One example of Franklin's pragmatism is the way he cultivated an image of frugality in order to establish himself as a businessman in Philadelphia:
In order to secure my credit and character as a tradesman, I took care not only to be in reality industrious and frugal, but to avoid all appearances to the contrary. I drest plainly; I was seen at no places of idle diversion...Thus being esteem'd an industrious, thriving young man, and paying duly for what I bought, the merchants who imported stationery solicited my custom; others proposed supplying me with books, and I went on swimmingly.
Franklin, of course, values frugality and industry in their own right, but as he points out, it was very important in a "face to face society" like Philadelphia to cultivate an image and a good reputation. This was how, Franklin tells his readers, he was able to become a successful businessman.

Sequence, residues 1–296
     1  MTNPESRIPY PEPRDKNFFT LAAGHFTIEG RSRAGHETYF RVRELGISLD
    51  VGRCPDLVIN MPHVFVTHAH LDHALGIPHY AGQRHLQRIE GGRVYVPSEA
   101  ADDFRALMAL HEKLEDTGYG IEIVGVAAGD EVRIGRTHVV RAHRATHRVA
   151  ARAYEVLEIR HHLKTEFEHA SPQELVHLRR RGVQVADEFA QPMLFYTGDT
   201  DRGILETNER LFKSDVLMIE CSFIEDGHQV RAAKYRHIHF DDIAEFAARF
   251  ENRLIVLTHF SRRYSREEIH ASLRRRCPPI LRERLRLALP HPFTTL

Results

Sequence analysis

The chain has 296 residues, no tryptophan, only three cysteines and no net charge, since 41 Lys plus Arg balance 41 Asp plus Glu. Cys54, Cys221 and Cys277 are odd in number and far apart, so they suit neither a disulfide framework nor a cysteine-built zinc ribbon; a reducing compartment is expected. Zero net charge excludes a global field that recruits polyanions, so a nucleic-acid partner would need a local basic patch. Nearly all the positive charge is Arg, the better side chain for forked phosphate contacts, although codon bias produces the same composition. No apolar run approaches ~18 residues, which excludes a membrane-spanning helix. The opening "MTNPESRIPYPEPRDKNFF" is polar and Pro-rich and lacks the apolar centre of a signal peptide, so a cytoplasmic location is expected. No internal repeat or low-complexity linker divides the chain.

Another example is his account of how he dealt with a family that hoped he would marry their daughter. Franklin was interested, but was disappointed when the family revealed that they lacked the ability to pay for a proper dowry (in Franklin's case, enough to pay off the debts he had amassed in beginning his printing house.) Franklin's suggestion, which seems cold to modern readers, was not that he marry the girl irrespective of dowry, but that the family "might mortgage their house in the loan-office." They refused. Here Franklin reveals himself as a tough, pragmatic negotiator, who, like many people of his time, entered into marriage for reasons not really related to love.